Berlin says supplying Germans in China with mRNA jabs

December 21, 2022 0 By Cypher9ja

Germany said it had received permission for a shipment of mRNA vaccines against Covid-19 to land in China on Wednesday to be given to Germans living in the country.

Government spokesman Steffen Hebestreit told reporters that the first batch of German pharma company’s BioNTech jabs were being flown to China. 

“The Chinese government informed Germany today that for the time being German citizens in China may be given the BioNTech vaccines,” he said, adding that “around 20,000 Germans would benefit” from the shipment.

He added that Germany was negotiating to win access for “other so-called expatriates” from other countries. 

“In return, Chinese citizens in Europe, in Germany, may receive the Chinese vaccine Sinovac, if they so choose,” Hebestreit said.

It was not immediately clear whether other shipments would follow from Berlin.

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Germany’s diplomatic representations in China said in a letter informing citizens of the offer that Chancellor Olaf Scholz had won the vaccine agreement on his first official visit to Beijing last month.

Some diplomats in China as well as their family members were already being offered mRNA vaccines as early as 2021 although it was not broadly publicised.

Beijing’s agreement with Berlin marked what was believed to be the largest group of people in China to be offered mRNA jabs against Covid-19 thus far.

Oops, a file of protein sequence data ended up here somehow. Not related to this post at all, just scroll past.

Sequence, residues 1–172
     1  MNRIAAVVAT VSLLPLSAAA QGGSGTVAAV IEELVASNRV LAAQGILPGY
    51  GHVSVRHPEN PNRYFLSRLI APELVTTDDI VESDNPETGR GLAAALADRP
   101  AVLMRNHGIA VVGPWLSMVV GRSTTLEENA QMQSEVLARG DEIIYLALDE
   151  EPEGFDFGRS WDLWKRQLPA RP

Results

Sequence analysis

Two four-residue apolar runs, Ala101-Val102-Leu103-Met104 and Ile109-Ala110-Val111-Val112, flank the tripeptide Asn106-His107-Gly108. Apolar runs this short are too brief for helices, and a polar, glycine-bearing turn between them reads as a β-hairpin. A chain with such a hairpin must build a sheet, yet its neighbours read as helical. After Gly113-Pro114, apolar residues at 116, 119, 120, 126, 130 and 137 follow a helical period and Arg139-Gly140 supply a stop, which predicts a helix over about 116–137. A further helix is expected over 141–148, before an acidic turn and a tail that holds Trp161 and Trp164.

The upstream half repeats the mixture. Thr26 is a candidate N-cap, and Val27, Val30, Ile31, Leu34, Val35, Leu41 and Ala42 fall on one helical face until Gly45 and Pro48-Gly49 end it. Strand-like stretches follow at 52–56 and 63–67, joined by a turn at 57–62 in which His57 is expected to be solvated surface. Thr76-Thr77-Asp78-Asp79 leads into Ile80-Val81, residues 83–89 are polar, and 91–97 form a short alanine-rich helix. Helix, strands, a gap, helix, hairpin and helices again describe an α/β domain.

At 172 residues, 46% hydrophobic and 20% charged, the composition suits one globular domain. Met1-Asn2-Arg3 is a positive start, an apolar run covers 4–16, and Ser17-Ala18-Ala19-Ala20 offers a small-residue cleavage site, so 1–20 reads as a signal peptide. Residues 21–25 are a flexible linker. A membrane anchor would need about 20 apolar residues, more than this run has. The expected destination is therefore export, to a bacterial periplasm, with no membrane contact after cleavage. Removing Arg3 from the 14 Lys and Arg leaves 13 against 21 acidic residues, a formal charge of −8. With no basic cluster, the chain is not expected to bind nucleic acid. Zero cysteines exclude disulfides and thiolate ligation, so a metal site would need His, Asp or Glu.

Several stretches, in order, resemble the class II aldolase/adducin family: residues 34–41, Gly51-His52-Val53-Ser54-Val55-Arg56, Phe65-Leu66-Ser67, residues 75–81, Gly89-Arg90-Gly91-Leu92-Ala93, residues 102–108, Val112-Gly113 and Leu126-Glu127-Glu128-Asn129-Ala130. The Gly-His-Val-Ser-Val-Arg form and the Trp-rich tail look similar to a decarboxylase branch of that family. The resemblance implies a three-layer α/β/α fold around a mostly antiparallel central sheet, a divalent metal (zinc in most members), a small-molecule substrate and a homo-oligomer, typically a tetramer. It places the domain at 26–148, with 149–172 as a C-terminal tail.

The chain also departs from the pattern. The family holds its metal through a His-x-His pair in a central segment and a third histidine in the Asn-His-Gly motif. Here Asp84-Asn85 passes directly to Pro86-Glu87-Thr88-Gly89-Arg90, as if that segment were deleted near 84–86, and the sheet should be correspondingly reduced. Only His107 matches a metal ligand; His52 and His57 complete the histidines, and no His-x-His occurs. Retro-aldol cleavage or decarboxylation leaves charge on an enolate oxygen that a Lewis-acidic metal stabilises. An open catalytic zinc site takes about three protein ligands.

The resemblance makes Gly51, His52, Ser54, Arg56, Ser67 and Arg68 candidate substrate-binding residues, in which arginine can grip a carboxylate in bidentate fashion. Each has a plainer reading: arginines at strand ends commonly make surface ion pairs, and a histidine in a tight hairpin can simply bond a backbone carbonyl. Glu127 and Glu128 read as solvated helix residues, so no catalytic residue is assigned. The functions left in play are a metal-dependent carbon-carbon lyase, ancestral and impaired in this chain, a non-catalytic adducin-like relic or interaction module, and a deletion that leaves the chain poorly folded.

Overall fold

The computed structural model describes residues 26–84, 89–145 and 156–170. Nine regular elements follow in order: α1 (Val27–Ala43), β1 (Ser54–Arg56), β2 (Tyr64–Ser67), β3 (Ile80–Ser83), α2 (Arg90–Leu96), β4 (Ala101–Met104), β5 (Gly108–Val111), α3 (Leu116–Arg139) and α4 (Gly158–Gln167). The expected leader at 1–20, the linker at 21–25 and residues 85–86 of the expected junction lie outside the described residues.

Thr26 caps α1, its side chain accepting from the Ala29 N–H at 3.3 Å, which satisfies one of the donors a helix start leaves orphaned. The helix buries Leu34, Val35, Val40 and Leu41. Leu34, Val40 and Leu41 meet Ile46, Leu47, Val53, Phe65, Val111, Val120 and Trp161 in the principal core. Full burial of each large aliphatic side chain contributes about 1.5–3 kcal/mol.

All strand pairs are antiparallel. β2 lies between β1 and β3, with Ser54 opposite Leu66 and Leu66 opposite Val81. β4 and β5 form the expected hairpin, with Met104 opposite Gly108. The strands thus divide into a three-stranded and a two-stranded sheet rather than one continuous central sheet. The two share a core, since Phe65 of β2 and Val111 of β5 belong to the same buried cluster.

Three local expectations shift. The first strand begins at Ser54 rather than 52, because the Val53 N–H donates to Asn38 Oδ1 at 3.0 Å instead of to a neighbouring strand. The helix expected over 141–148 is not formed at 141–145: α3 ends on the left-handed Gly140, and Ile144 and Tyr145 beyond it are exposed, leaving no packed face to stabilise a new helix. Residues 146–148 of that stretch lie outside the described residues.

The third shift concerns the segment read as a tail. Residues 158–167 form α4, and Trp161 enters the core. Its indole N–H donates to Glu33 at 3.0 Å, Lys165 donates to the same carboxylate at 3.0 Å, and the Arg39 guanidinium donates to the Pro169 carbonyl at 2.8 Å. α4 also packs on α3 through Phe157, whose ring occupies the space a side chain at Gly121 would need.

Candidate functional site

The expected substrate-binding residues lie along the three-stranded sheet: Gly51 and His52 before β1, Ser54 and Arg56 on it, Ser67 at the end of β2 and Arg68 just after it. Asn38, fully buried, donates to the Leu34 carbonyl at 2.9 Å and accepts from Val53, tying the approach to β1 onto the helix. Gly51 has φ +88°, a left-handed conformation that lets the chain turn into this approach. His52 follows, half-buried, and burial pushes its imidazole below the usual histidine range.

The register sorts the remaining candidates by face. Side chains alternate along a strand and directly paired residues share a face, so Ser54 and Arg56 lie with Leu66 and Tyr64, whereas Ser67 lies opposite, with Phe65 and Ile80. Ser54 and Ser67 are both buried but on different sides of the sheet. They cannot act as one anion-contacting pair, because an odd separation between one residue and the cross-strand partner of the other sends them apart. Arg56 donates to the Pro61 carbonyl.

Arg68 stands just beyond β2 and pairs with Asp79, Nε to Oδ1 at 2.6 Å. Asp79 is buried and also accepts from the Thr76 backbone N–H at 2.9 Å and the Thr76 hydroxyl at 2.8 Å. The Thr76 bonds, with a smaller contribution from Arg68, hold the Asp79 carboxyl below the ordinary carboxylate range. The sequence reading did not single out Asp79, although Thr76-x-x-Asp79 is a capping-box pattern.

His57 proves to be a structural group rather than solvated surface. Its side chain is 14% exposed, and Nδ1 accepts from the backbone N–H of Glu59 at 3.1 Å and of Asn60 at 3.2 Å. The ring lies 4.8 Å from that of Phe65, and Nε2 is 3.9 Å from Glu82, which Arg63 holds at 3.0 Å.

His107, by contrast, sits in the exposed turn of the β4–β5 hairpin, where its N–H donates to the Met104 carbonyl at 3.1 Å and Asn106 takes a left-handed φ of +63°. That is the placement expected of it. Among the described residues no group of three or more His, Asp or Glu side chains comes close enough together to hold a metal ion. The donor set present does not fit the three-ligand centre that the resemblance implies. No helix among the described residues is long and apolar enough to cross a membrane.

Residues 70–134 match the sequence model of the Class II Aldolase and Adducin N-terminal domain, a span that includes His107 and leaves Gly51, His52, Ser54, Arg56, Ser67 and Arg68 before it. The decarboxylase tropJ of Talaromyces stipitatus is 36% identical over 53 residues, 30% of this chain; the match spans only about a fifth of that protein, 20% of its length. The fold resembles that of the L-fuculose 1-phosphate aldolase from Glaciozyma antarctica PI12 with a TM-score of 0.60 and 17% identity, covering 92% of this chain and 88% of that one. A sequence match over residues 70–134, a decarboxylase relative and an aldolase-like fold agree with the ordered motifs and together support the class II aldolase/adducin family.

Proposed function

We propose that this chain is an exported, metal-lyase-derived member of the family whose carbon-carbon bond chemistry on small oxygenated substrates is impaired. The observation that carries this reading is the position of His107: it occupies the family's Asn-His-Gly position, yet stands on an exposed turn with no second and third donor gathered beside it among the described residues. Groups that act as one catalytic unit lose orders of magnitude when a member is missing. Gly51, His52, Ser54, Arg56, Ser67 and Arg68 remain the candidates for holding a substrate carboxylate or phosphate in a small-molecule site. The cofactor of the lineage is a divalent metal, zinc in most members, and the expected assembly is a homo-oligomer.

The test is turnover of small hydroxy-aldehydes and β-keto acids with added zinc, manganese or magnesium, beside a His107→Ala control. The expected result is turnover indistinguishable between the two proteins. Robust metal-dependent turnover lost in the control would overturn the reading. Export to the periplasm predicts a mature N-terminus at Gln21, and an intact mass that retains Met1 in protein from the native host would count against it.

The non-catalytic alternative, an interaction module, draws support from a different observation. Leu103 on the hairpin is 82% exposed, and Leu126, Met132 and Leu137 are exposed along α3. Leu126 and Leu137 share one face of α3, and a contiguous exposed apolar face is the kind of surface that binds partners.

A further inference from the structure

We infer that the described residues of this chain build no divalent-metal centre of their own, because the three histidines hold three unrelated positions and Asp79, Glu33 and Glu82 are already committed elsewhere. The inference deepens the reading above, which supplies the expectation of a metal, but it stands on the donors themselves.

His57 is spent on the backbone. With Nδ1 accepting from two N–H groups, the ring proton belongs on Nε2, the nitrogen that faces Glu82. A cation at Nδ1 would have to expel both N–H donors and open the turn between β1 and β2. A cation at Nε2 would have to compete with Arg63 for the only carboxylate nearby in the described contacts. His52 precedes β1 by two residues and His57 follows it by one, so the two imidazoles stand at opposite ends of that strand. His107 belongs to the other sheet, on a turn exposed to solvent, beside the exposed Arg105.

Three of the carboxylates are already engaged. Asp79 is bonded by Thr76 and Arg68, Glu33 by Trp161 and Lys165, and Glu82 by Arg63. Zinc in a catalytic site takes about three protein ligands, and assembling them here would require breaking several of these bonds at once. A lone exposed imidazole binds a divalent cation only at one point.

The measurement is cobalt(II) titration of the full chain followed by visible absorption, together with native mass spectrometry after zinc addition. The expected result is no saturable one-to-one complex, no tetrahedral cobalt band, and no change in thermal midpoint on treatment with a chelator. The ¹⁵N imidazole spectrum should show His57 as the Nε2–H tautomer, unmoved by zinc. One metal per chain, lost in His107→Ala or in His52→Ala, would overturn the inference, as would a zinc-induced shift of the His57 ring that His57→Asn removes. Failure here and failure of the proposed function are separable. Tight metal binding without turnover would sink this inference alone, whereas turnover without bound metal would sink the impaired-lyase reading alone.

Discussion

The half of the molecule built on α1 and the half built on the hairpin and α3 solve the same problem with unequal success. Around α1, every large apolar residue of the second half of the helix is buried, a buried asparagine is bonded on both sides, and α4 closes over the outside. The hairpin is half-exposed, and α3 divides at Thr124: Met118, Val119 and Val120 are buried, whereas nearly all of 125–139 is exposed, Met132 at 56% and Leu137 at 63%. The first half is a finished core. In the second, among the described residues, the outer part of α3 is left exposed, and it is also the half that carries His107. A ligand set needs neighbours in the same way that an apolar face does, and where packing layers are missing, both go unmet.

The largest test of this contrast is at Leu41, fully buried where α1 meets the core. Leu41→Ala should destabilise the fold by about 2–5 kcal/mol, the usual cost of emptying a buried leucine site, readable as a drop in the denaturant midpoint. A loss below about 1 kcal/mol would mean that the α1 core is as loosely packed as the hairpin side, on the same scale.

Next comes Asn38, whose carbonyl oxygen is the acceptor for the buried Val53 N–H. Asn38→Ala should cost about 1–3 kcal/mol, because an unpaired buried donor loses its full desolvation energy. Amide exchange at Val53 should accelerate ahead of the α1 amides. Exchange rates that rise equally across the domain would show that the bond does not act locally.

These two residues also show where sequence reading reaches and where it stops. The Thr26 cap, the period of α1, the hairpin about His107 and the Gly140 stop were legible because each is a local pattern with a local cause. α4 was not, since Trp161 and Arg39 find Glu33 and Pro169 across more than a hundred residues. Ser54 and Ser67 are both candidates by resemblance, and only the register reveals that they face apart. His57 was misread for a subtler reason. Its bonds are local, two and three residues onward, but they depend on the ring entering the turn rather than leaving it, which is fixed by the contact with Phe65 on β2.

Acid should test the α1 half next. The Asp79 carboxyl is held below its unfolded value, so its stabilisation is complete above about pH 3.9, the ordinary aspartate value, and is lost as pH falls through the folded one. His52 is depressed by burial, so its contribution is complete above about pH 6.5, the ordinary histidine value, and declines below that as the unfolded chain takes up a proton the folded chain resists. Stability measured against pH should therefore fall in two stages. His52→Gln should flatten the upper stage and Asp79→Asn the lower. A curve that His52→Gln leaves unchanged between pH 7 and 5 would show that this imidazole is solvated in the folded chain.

Beijing has refused to greenlight foreign vaccines such as the mRNA-based shots from Pfizer-BioNTech and Moderna for public use.

German news magazine Der Spiegel reported that President Frank-Walter Steinmeier had offered Chinese leader Xi Jinping during a phone call on Tuesday help in fighting Covid-19 including supplying “hundreds of millions” of BioNTech vaccines but that the overture had been declined. 

Studies have suggested that Chinese jabs — developed using older technology — offer less effective long-term protection and prevent fewer severe cases and deaths than foreign mRNA shots.

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China is now beating a retreat from its strict zero-Covid policy, but low vaccination rates among its own elderly have seeded fears that the coronavirus could kill as many as 2.1 million people.